In the wake of Harvard scandal, Wellesley honor code fosters integrity
THE WELLESLEY NEWS STAFF EDITORIAL
Published: Wednesday, October 24, 2012
Updated: Wednesday, October 24, 2012 18:10
The Harvard cheating scandal resulted in about 125 students being accused of cheating in the Spring 2012 course entitled “Introduction to Congress,” which had 300 students in total. The University claims that the students cheated and plagiarized on the take-home final exam. The gravity of such wide-scale cheating raises serious concerns over the state of moral integrity in higher education but serves as an opportunity to strengthen and reinforce Wellesley’s own honor system. As an integral part of the mission of Wellesley College, the Honor Code encourages a sense of mutual trust and respect among students, faculty and administration. A mutual understanding is the imperative on which an honor system is built. Every Wellesley student has the right to enjoy the privileges of the Honor Code as long as she takes full responsibility to preserve and uphold the essence of trust.
The Honor Code states, “As a Wellesley College student, I will act with honesty, integrity and respect.” Wellesley College, therefore, strives to build a trusting and integrated student community. At Harvard, the students involved in the scandal reported that they found the take-home exam of the government course to be close to impossible to complete. Such claims of academically-challenging classes that set impossibly high standards are nowhere near unheard of in college, especially among Wellesley students. These claims raise concerns that students at Wellesley might choose not to abide by the Honor Code, which negatively affects students who do not cheat. The concerns are that the equality of education can no longer be ensured, and that respect for one’s peers is no longer upheld.
Some argue that while the Honor Code system may have operated well in the past when less advanced technology made cheating harder, the system may be outdated in the Internet age, where the dissemination of information makes surveillance difficult and cheating easy. The challenges posed by the role of technology point higher education towards a privileging of an honor system. Students and faculty alike must be reminded of the mission behind the Honor Code as well as the possible repercussions a breach might have for a student and the Wellesley community.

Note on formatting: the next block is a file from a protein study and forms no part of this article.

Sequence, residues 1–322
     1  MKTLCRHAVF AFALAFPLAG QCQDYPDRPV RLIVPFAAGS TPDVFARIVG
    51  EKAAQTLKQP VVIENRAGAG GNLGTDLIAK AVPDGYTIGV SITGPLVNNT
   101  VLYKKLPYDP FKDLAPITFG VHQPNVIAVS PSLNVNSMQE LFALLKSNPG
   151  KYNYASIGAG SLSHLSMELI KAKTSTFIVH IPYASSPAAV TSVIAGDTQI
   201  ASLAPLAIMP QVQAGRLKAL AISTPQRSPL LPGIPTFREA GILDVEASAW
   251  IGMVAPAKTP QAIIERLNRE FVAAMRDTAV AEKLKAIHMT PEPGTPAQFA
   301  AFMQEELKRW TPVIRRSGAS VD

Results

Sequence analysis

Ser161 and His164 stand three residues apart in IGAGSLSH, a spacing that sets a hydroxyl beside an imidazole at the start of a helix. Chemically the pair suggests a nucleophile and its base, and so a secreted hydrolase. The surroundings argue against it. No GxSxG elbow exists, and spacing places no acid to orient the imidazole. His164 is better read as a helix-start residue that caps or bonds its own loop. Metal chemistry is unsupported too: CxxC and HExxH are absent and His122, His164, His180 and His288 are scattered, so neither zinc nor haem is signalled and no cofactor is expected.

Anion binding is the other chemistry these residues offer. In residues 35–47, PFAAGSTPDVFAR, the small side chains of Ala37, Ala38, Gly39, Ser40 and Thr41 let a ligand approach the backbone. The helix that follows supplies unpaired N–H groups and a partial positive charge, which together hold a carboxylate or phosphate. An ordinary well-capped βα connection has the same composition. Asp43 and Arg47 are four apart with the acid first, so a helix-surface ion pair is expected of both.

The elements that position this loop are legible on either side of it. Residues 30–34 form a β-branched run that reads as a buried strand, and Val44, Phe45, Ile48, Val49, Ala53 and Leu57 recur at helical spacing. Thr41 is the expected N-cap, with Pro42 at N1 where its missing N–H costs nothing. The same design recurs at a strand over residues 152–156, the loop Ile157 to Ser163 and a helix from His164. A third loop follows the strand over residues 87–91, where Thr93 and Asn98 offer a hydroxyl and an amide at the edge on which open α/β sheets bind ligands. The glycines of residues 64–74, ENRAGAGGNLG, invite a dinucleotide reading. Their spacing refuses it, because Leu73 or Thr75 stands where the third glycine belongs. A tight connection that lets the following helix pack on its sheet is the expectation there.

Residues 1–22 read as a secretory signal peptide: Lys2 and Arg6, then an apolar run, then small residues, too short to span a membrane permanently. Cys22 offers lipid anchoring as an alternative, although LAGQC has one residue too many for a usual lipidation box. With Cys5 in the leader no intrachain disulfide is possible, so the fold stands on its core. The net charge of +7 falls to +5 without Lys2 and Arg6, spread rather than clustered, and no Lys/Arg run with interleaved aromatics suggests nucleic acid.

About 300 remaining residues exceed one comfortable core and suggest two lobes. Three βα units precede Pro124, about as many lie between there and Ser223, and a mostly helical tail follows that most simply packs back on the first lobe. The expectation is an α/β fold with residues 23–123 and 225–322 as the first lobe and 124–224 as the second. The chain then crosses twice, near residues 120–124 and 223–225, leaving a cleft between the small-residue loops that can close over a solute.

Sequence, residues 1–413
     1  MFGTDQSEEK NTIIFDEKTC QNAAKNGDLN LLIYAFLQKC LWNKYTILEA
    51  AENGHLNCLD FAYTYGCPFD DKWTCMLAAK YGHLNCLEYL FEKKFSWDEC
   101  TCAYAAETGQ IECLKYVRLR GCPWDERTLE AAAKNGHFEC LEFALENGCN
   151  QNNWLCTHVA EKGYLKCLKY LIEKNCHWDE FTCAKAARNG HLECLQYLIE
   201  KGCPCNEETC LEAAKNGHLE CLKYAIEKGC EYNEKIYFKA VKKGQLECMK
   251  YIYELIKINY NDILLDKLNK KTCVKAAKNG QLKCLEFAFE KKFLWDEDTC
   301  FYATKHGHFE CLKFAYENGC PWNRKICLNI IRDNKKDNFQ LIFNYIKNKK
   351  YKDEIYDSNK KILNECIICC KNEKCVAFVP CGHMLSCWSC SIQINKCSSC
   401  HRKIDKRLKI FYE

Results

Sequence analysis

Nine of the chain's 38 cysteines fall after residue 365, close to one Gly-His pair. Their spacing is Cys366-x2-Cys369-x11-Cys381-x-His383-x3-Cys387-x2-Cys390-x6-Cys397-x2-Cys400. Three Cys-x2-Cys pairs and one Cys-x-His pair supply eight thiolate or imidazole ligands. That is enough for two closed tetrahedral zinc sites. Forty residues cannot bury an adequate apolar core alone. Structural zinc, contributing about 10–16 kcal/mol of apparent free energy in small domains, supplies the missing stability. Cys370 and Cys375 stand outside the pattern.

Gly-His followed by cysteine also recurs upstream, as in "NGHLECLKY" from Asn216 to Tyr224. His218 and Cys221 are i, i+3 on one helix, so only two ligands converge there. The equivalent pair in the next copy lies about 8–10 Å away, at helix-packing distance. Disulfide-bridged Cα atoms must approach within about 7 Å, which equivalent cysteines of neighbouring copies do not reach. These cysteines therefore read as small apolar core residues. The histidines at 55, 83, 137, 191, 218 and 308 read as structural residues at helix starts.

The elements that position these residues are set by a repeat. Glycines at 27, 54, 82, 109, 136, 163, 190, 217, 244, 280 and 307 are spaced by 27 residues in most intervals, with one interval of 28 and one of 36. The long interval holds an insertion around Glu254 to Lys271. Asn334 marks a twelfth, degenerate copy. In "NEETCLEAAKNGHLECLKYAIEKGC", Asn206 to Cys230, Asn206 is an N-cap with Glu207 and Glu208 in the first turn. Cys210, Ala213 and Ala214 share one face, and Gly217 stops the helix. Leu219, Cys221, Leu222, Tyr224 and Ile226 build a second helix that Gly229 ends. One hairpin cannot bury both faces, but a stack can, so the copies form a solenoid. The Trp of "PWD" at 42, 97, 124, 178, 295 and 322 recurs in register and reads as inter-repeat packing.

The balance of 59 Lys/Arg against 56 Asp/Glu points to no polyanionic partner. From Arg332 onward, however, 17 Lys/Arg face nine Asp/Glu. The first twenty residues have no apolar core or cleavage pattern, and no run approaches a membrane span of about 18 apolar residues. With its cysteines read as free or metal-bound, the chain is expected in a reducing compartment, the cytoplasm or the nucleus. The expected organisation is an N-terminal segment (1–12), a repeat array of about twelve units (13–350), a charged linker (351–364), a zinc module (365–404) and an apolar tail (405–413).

However, the Honor Code system’s most basic purpose is encouraging the Wellesley community to trust and rely on their own integrity without the need for surveillance. As a key building stone towards constructing a society characterized by trust, integrity and solidarity, the Honor Code system must be maintained. Students tend to forget that the Honor Code system applies to aspects of life beyond the academic arena. Under the Honor Code system, students are not only allowed self-scheduled exams and take-home exams, but may also entertain guests in the residence halls without supervision, access all circulated library materials and use all college resources without restriction. Another important value that the Honor Code system encourages, therefore, is respect. Certainly, blasting music at 3 a.m. on the grounds of entertaining guests is not a sign of respect for one’s neighbors. With the Honor Code, students are expected to be considerate of others, which builds this sense of respect that affects students, even after graduation and entrance into society.
Furthermore, treating students as mature and respectable adults, as does the Honor Code system, gives students more independence, and encourages students to think of themselves as responsible members of society. As a leading liberal arts college, Wellesley educates a class of women who are not only intellectual, but also trustworthy and respectable members of society. The Honor Code system lies at the heart of such an education.
Furthermore, Wellesley College has small class sizes, dramatically reducing the likelihood of large-scale cheating. Since each student receives a greater share of the professors’ attention, she feels a greater sense of care, and closer ties to the class in general. A smaller number of students may be the key to prevent the type of massive cheating scandal that Harvard encountered last year. Since high anonymity is unlikely on a smaller campus, Wellesley’s Honor Code is more easily enforced. That is to say, the successful Honor Code system that Wellesley enjoys creates a sense of community and trust that prevents large scale cheating and plagiarism.
The Honor Code fosters social cohesion and helps build a more integrated Wellesley community. The Wellesley community should have faith that this institution educates responsible individuals who will adhere to the Honor Code. The continuation of the Honor Code system is crucial not only for the preservation of the Wellesley community’s solidarity and trust, but also for a complete liberal arts education that cultivates honest, responsible and respectable members of society.